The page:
What Do You Think? Wednesday
“Now we who are strong ought to bear the weaknesses of those without strength and not just please ourselves” (Romans 15:1).
I’ve both embraced and shunned that verse, heralding my strong black woman mantle then tossing it when I can’t take the ‘be everything to everyone’ pressure anymore. This was my act of balancing extremes, seeking to be what was expected and retreating, knowing I could never do all that was expected of me. Many of us live this schizophrenic reality, only available to those of us who seek to allow others’ definitions and even our self-generated definitions to direct our actions and paths. But this verse doesn’t speak to strong black women who have fought on their own accord, defeating the worries and needs of family and ills of society. This verse speaks to all people who have had the privilege of God’s grace in their lives to be spiritually mature. This maturity enables believers to put others’ needs above their own, not for some self-seeking martyrdom but for the glory of God’s Kingdom. Since this is the case, we must understand 1) what strong means; 2) for what reasons we are to embrace this strength; and 3) how we are to exhibit this strength. I will discuss each of these in separate blog posts starting today with “What Does It Mean to Be Strong?”
In order to answer the question, “what does it mean to be strong?” in the context of Romans 15, we have to look at Romans 14 for our answer. Here the Apostle Paul talks about how believers should deal with those who are “weak in faith.” By default we know that the believers Paul is guiding are those who are strong in faith. To be weak in faith here means to be doubtful about what Christians can and cannot do. So those “who are strong” in Romans 15:1 and implied throughout Romans 14 are those who have no doubts about what freedoms in Christ they have. They are firm in conviction and faith, assured of their beliefs and confident in their trust that Jesus Christ is Lord and that they have eternal salvation through Him. Those who allow this type of strength to guide them operate based on their convictions that don’t go contrary to God’s word and in faith in the One who gives and sustains all life, physical and spiritual. This is the strength that the Bible is calling us to seek. Spiritual maturity is biblical strength.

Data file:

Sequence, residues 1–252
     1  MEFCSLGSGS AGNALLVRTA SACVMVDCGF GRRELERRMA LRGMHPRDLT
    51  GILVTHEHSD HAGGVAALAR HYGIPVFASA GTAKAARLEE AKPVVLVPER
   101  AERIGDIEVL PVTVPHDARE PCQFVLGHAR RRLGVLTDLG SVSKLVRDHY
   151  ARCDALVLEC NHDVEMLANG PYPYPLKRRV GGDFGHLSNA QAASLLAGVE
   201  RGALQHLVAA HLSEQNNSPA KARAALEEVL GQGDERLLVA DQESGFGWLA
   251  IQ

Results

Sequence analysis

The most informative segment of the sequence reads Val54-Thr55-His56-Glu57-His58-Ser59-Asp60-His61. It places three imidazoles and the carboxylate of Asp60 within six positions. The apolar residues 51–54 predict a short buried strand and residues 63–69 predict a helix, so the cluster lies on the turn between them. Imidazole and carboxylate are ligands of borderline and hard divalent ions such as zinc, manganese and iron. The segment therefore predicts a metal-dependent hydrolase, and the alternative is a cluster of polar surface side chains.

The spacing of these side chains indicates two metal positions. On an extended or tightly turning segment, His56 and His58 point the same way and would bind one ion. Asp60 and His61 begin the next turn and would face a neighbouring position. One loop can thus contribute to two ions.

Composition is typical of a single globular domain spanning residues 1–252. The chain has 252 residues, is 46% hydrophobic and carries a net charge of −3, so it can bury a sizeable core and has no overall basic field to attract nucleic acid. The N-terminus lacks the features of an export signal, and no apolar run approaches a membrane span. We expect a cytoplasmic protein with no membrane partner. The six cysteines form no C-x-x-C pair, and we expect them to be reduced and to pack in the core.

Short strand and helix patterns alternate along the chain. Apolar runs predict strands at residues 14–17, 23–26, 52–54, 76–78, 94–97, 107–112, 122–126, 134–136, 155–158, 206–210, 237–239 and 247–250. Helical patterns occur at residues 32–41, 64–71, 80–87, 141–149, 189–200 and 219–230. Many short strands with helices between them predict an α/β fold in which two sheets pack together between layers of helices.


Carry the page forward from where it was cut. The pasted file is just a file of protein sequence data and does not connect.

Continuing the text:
Focusing on Jesus as the One who gives and sustains all life helps us to remember that we can’t give life to anyone or sustain anyone’s life; we are vessels that God chooses to use as facilitators between Him and others. We who are strong need to know this: when we forget that we are facilitators and not life sustainers, we cross over from biblical strength into human-defined strength and are left helpless, hopeless and totally spent. Operating in our own strength and not biblical strength is the reason we shift from taking up our strong black woman mantle to dropping it; we were never meant to carry that mantle and doing so will cause us to inevitably drop it. But with an eye focused on biblical strength, God will sustain us as we work to facilitate on His behalf. A part of our facilitating includes embracing biblical strength for the benefit of immature believers. More on that next time, but for now why not comment on the following?
How does knowing the difference between biblical strength and human-defined strength impact you? Please, tell me what you think.
In the next post, explore with me the reasons we are to embrace biblical strength.